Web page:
It’s been a while. There are lots of reasons why.
- Physical – I’ll wang on at length about that another time;
- Practical – not much happens most of the time;
- Cognitive – treatment is increasingly affecting my ability to think straight; and
- Mental – literally.
The main problem with cancer treatment is that it is really, really boring. Most of the time is nothing but Netflix and naps, or on a good day, half arsedly mooching round the shops. The frequent hospital appointments are all about waiting. Waiting to be called, waiting for the nurse, waiting for blood test results, waiting for a drip to run through, waiting for meds to arrive, waiting to be told you can go home. Most of the people I get to speak to in any given week are brandishing a needle at me. In short, it’s really, really boring. There’s nothing really to write about without getting in to really tedious detail or just yakking on inconsequentially about daytime TV and bus timetables. That might be quite nice actually. Any suggestions?
Yeah, I’m struggling here. Hopefully, this will be temporary, and there should be some improvement with time, but since starting radiotherapy, I’ve not read a newspaper article, much less a book because I simply can’t concentrate that long or that hard. It’s very frustrating. Administrative tasks that used to take half an hour now need several small bites over the course of a week or a month. Working out what I want to write and how to structure and write it in a readable way is just beyond my current capabilities. This, and another two pending blog posts have been written in fragments of sentences over the course of months, and then stitched together in ways that probably don’t hang together very well.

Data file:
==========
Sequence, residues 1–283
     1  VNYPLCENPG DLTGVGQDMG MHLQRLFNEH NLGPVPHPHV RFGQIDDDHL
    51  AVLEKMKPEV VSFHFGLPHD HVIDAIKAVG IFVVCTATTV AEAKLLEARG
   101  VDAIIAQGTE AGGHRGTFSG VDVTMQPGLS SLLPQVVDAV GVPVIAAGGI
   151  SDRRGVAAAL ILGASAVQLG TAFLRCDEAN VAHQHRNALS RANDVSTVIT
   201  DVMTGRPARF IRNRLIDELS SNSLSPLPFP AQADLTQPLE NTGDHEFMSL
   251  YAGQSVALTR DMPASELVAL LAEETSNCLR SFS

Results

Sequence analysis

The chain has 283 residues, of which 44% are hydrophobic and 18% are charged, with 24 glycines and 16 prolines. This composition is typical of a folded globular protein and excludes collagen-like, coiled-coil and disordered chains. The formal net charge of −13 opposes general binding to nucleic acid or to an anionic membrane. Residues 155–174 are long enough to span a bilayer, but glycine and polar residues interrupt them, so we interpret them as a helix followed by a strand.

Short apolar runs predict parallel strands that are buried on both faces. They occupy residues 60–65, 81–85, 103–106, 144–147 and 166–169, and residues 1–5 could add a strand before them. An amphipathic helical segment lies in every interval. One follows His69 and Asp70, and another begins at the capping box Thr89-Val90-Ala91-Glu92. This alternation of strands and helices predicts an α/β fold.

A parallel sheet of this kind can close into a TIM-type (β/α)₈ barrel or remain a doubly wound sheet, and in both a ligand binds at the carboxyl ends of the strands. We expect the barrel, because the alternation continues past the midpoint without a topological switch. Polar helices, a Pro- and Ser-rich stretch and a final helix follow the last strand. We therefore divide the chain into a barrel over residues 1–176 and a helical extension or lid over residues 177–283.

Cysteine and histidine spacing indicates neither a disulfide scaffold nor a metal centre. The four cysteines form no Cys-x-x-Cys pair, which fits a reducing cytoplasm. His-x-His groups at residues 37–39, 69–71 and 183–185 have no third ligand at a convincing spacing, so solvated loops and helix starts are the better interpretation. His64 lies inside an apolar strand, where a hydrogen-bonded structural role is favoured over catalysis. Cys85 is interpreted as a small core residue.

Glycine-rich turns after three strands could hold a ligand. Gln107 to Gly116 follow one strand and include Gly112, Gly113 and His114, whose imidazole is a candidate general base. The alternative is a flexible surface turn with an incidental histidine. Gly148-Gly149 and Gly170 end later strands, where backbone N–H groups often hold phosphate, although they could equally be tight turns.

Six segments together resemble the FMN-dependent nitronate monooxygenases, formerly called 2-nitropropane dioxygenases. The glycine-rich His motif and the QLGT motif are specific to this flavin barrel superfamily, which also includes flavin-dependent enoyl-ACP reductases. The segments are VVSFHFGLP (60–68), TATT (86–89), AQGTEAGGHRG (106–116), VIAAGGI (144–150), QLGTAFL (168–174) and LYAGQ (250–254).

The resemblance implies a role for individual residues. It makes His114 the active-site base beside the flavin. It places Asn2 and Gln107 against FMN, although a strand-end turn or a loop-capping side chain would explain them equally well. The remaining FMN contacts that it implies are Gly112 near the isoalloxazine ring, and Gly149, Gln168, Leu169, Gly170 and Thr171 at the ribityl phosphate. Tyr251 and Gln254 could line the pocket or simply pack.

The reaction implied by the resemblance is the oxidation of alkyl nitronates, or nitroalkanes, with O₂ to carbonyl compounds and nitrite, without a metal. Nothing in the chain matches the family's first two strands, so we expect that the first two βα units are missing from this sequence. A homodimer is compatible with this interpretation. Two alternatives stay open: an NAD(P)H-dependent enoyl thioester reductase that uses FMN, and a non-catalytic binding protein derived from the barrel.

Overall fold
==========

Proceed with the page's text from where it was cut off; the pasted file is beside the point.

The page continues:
There’s lots going on in the world at the moment that that I’d like to more about, like the Skripal poisoning, Cambridge Analytica, and Trump stuff, but can’t keep up. Twitter, which is about as much as I can cope with in terms of length of content, gives the gist, but not the meat of the matter.
This was all driven home by the application and assessment process for Personal Independence Payments (PIP), a disability benefit. As the lady who helped me fill the forms went through the qualifying criteria, probing about changes I’ve had to make to every day actions without even noticing, it made me recognise how much the tumour and its treatment have changed my life. Things quickly become the new normal, and you don’t notice how far things have slidden until you compare before and after. Whilst PIP was awarded, it was done so on the basis of everything except difficulties in reading, communicating and dealing with people. It makes me mad because it feels like the most difficult effects of treatment are being ignored. For example, they deemed me capable of understanding complex information on the basis of my qualifications, all of which are 20+ years old and neither use nor ornament now. Past performance is not a guide to future (or even present) success. It’s largely my own fault. Being pig headed, I’m too proud to show the real cost of treatment, and put on the best face I could to show the assessor how well I’m doing, and then conked out for two days. A probably ill-advised appeal has been submitted, but how can you argue that your communication skills have been adversely affected without using communication skills?
I’ve lost track of the point of this blog. Originally, it served three purposes;